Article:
Many people have found that the only kind of therapy that works for them involves psychotropic medication. I am not a trained therapist and therefore not qualified to write about the use of medication for depression and anxiety. I believe that medication as prescribed by a skilled practitioner can be tremendously helpful, and I have seen it work well for several people I know. But I also believe that our fast-food culture tends to look for quick fixes and struggle-free solutions to whatever ails us. The philosopher Sam Keen warns that medications like Prozac can "deliver us prematurely from anxiety and struggle at the expense of the epiphany we need to begin again."

Psychotherapy is by nature a highly personal matter, without a one-size-fits-all formula for success. I suggest that, if you feel drawn to therapy, you do some of your own research through reading and talking to trusted friends. You may need to shop around for a while before you find a therapy and therapist that match your unique needs. My own therapy began with fits and starts before I found the best method and, more significant, the right therapist. This was not a well-conceived, strategic process. At first I had mixed feelings about being in therapy. I didn't know what I was looking for, and since one of my biggest issues was trying to please other people, I spent some fruitless months under the guidance of a therapist who was terribly wrong for me. I was so afraid of hurting his feelings that I stayed on even though I felt uncomfortable in his presence. Finally, after gathering the courage to leave and then asking around for the names of other therapists, I began work with a man whose skill and compassion helped change the course of my life.

During the difficult time of my divorce, I spent four years going to therapy once a week. My therapist helped me to slowly unravel the strands of my story—dipping back into childhood, examining my marriage, looking honestly at my behavior at work and with friends. In my own time I developed the desire to stop looking to others for salvation or for blame, and to take responsibility for my own happiness and success. This is what psychotherapy did for me. Other people will come to therapy with their own specific needs and discover parts of themselves that have gone missing for years. I found a more powerful and self-confident person through the process of therapy. Others may find a more empathetic person, or a less fearful person, or a more hopeful and lively person. Whatever it is that wants to live within you—whatever is sleeping and has perhaps been sleeping since childhood—can awaken through slow and steady work with a wise therapist.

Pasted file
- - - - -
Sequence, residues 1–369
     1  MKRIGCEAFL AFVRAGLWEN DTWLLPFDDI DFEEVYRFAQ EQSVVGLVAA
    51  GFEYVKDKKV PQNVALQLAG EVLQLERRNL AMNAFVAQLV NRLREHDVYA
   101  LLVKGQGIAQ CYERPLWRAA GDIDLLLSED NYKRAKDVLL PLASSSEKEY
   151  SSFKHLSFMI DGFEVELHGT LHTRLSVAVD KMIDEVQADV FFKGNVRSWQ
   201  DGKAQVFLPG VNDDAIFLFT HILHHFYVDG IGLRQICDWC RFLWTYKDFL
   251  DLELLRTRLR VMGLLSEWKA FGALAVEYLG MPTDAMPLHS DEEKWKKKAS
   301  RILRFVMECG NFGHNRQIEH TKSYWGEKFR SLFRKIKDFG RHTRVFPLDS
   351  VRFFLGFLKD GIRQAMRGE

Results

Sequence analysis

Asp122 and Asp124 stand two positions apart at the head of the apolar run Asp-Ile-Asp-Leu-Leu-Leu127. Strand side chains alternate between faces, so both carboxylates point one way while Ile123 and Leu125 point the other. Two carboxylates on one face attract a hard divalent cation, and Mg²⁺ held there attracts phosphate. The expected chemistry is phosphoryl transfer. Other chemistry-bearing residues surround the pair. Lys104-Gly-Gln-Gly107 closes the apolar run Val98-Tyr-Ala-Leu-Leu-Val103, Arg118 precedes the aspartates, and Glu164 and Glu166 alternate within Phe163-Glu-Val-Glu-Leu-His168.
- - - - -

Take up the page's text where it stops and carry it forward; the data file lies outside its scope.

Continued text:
Working with Teachers, Therapists, and Healers

Working at Omega Institute has put me in contact with some of the world's most influential psychological thinkers and spiritual teachers. I am grateful for the mystical, intellectual, and therapeutic wisdom that I have absorbed from being around these people, but you may be surprised by the most important lesson I have learned. By knowing many of Omega's teachers, I have come to understand that everyone—the saintly guru, the erudite scholar, the compassionate psychotherapist—is an imperfect human being with neuroses and problems and rough edges not unlike yours and mine. From rubbing up against the human dimension of the so-called enlightened ones, I accept now that the point of life is not to reach perfection but to befriend the fact that human beings are works in progress.
Excerpted from BROKEN OPEN: How Difficult Times Can Help Us Grow by Elizabeth Lesser. © 2004 by Elizabeth Lesser. Reprinted by arrangement with the Random House Publishing Group.


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